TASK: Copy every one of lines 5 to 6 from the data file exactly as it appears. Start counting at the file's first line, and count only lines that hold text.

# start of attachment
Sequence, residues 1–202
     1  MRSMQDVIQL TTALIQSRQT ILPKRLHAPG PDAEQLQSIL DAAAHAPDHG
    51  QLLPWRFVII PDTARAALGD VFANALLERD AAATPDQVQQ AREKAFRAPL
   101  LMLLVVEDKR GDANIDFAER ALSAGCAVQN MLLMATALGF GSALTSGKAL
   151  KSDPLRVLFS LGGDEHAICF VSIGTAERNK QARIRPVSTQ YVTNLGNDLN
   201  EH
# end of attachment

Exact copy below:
   151  KSDPLRVLFS LGGDEHAICF VSIGTAERNK QARIRPVSTQ YVTNLGNDLN
   201  EH